Progress! [Two of Sixty-Five]

10 Sep

I was lucky enough to have the next title in my  Sixty-Five Books You Absolutely Positively Must Read in Your Twenties and During Your Peace Corps Service to Better Yourself and Use Time Wisely Challenge (as pulled from this list, inspired by Buzzfeed) already set and in my Kindle for reading.

I had heard of this selection, Never Let Me Go by Kazuo Ishiguro, before and to be totally frank, if it hadn’t popped up on this list, I don’t think I would have ever explored it.

Let’s be honest here, team, the title makes it seem like an early 2000s rom-com starring Freddie Prinze, Jr. or, maybe, Julia Stiles (or maybe both! Could you even imagine?!) You know my attitude towards all things mushy or annoying, so I wasn’t too keen to begin based on the title alone. However, it was a Man Booker Prize finalist, and I love me some postcolonial literature, so begin AND finish I did.

What’s It All About?

 While my last selection moved at lightening pace in and out of characters and times and places, Never Let Me Go works supremely in the opposite realm. We are immediately introduced to the narrator, Kathy H.; while other characters make appearances, we see everything through Kathy’s perspective and it is truly her story and her story alone we are following.

The novel appears as a confession Kathy passes along to a knowing audience. While at first it seems to be a typical young girl’s coming-of-age-story, the novel slowly introduces disconcerting details about her life as a student at Hailsham: she prides herself on being a great carer for her donors; she slips in details of her work and how she soon will have the resting time she needs; she talks of friends who have completed – especially the feisty Ruth and the comforting Tommy –  recalling them fondly and with a knowing conviction they have done their duty in life and she soon will, too.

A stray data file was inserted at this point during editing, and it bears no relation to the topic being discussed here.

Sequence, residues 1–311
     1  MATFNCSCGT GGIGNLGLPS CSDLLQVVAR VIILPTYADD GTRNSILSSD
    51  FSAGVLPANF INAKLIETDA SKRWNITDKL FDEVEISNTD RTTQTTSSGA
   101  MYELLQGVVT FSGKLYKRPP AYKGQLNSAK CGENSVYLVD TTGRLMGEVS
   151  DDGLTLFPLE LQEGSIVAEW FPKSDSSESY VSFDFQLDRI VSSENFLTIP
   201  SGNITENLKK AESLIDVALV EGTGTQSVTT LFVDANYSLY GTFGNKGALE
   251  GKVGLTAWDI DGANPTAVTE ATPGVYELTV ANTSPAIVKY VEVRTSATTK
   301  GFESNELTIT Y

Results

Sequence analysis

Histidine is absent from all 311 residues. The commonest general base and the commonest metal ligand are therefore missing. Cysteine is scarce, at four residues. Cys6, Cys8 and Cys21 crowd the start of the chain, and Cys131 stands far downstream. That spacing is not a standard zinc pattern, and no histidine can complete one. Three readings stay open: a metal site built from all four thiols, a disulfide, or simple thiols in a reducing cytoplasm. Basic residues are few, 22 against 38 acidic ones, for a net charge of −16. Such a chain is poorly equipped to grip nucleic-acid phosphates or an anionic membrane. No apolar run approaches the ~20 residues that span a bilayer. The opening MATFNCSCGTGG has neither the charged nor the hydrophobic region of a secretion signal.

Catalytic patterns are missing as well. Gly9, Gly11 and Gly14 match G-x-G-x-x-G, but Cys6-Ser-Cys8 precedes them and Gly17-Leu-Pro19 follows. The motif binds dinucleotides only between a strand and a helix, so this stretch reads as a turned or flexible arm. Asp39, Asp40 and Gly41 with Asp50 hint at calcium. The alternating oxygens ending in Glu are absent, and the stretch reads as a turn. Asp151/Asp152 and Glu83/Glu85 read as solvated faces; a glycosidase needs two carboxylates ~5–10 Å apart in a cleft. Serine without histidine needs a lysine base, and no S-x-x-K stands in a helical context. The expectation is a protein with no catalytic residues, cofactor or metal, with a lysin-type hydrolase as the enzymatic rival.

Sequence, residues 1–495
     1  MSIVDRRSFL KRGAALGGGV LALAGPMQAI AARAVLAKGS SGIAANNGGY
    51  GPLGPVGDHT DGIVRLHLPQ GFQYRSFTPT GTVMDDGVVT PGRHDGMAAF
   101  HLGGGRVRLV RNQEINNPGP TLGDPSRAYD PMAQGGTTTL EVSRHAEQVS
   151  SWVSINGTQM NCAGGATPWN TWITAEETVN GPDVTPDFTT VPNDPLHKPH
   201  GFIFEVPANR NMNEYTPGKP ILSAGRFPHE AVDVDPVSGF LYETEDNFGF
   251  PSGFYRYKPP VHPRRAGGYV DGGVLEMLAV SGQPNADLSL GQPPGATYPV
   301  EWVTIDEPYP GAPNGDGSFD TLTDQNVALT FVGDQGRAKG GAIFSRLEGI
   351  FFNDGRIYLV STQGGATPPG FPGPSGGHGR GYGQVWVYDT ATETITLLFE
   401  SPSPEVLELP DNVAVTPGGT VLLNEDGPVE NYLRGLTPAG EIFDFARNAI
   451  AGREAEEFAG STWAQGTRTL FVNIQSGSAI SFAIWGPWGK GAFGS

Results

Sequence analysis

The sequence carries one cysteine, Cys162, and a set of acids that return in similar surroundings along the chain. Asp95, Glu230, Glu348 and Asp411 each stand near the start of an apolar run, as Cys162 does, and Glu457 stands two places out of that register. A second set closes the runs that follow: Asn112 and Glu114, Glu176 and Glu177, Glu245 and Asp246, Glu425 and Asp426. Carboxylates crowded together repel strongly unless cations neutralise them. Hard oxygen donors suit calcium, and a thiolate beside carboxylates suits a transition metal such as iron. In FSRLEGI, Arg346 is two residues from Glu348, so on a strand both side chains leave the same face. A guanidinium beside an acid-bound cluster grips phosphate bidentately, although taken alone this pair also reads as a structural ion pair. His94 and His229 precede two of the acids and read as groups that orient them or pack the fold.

Who is exactly is Kathy H.? Where does she live and what is her life’s work?  Never Let Me Go is one of those novels where both nothing and everything happen, slowly building into a moving story set in a distant yet frighteningly recognizable lifetime.

Does it deserve to be one of Sixty-Five Books You Absolutely Positively Must Read in Your Twenties?

Meh. Perhaps.

Don’t get me wrong – it’s a pretty cool book. But other than a few mentions of s-e-x and a slightly callous attitude to all it involves, I would easily consider this to be a young adult novel; I could totally see including this in a dystopia unit and a lot of my students loving the crap right out of it.

Personally, I couldn’t wait to let it go and be finished with Kathy’s long and lamentable tale. I enjoy a good fright, but this book was wholly predictable and the dialogue often made me want to toss my cookies.

Maybe I am just too much of a Grinch, because I can see what other’s might see in this story, and it is an interesting tale, but one that I have heard many times before and in infinitely better ways. It reminded me A LOT of the novel The House of the Scorpion by Nancy Farmer.  In all instances, I find that to be a far superior novel and I would definitely replace Never Let Me Go with Matteo’s tale.

I do, however, recognize the value of the story and why it was included in this age-specific, life-encouraging list. It certainly caused me to question my role and just what exactly I am meant to do, especially considering the short span of life.  It’s a moving love story and a slow-paced look into life and romance and bravery – you can’t go wrong with that.

Any great passages or phrases outlined and loved?